A quick round-up of the best and worst performing sectors yields a few surprises based on recent market trends. Technology once again led the market higher, up 8.62%. But, Energy, which has been a laggard was the next best performing sector up 6.84%. Utilities benefitted from the flattening yield curve mentioned above, and rallied 6.79%.
The only S&P 500 sector negative for the quarter was Consumer Staples, down 1.87%. Consumer behavior seems to be rapidly evolving, with today’s consumers less focused on “brands” and more focused on factors such as price, environmental footprint, and individualism. The changing consumer was very much a consideration in the recent proxy battle between portfolio holding P&G and Nelson Peltz, who was seeking to gain a board seat. While Mr. Peltz was ultimately defeated, consumer goods companies will need to evolve more rapidly than ever before.
Cutler continues to manage our Equity Income portfolio consistent with our historical process. While the defensive characteristics of dividend investing may not be widely appreciated in a period of historically low volatility, we believe patient investors are rewarded for their consistency of thought and process. We continue to advocate for equity market participation through well-established, dividend paying companies.
|TOP 5 AND BOTTOM 5 HOLDINGS BY PERFORMANCE - AS OF 9.30.17|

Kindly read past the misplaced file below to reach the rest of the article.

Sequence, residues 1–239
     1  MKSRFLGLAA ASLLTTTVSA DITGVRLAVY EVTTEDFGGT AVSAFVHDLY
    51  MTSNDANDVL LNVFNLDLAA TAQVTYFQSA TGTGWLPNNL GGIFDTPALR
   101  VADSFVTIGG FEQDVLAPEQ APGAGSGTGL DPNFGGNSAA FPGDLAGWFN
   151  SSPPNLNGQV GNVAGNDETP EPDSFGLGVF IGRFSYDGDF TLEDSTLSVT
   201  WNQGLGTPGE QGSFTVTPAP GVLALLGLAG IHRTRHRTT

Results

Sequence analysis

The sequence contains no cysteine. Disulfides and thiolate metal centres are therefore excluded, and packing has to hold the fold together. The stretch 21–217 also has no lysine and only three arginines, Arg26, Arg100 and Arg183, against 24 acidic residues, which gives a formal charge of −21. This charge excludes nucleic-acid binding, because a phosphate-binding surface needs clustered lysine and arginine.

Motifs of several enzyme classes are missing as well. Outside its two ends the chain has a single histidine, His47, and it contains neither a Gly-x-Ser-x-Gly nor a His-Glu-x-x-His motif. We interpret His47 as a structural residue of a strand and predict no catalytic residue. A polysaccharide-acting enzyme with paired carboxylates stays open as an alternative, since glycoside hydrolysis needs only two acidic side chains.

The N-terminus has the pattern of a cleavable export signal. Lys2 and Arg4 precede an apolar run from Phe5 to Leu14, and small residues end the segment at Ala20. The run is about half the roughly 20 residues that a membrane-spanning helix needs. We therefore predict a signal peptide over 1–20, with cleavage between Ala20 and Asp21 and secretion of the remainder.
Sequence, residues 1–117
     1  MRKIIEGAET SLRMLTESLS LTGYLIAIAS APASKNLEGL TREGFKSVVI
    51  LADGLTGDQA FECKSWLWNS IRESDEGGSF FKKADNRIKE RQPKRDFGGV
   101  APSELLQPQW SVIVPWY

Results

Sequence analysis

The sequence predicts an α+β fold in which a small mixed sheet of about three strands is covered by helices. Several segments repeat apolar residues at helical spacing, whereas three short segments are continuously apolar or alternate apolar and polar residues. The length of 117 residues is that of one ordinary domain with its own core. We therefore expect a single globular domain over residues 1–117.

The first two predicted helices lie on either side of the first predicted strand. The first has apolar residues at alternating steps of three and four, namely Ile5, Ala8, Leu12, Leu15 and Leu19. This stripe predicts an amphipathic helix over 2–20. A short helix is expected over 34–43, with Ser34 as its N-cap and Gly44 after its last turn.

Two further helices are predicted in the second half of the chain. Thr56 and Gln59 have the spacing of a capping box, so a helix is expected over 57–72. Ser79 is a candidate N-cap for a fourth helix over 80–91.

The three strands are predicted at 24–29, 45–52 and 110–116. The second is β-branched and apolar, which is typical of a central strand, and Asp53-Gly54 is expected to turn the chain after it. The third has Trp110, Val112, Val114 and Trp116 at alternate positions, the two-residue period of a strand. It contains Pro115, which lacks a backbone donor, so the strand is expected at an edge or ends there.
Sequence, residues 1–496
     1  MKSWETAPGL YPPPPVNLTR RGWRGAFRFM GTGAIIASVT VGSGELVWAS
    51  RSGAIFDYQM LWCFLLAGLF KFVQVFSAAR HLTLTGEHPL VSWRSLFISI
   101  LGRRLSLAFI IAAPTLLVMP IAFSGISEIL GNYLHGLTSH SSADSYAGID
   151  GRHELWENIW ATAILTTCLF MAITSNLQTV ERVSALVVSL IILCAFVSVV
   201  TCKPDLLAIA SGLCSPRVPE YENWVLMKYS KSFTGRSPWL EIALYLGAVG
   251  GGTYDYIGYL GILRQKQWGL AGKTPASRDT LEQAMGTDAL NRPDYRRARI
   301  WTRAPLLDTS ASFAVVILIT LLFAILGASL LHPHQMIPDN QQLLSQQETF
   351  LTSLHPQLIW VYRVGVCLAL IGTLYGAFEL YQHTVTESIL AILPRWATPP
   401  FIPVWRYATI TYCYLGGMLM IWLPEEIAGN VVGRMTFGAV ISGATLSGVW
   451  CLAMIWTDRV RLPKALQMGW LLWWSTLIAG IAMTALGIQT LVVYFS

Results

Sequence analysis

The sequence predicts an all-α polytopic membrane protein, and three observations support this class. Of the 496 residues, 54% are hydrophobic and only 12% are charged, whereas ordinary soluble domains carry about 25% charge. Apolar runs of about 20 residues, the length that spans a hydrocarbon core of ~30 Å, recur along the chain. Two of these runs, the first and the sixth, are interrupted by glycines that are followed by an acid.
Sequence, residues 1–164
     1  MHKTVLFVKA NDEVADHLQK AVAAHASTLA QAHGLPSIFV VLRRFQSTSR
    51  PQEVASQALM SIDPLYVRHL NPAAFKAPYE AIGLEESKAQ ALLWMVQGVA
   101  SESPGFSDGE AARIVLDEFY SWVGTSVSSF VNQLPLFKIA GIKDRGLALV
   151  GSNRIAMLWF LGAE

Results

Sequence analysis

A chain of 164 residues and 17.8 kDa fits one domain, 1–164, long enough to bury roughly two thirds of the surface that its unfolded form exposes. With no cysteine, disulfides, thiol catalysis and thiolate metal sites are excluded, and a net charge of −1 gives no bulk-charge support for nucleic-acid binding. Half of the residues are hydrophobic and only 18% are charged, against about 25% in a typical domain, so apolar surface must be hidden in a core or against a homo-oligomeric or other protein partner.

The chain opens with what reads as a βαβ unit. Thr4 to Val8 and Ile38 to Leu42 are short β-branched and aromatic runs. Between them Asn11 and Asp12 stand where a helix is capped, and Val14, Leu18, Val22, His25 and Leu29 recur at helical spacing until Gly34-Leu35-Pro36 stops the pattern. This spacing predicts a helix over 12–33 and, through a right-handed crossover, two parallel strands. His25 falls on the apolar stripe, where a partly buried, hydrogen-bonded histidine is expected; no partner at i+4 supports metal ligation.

|Best Performing Securities||Average Weight (%)||Security Contribution to Portfolio Return (%)|
|Texas Instruments Inc.||4.00||0.68|
|Bristol-Myers Squibb Company||2.97||0.45|
|Worst Performing Securities||Average Weight (%)||Security Contribution to Portfolio Return (%)|
|The Kroger Co.||2.00||-0.28|
|Walt Disney Co.||3.63||-0.24|
|General Mills Inc.||2.40||-0.14|
|Northern Trust Corp.||2.49||-0.13|
These blogs are provided for informational purposes only and represent Cutler Investment Group’s (“Cutler”) views as of the date of posting. Such views are subject to change at any point without notice. The information in the blogs should not be considered investment advice or a recommendation to buy or sell any types of securities. Some of the information provided has been obtained from third party sources believed to be reliable but such information is not guaranteed. Cutler has not taken into account the investment objectives, financial situation or particular needs of any individual investor. There is a risk of loss from an investment in securities, including the risk of loss of principal. Different types of investments involve varying degrees of risk, and there can be no assurance that any specific investment will be profitable or suitable for a particular investor's financial situation or risk tolerance. Any forward looking statements or forecasts are based on assumptions and actual results are expected to vary. No reliance should be placed on, and no guarantee should be assumed from, any such statements or forecasts when making any investment decision.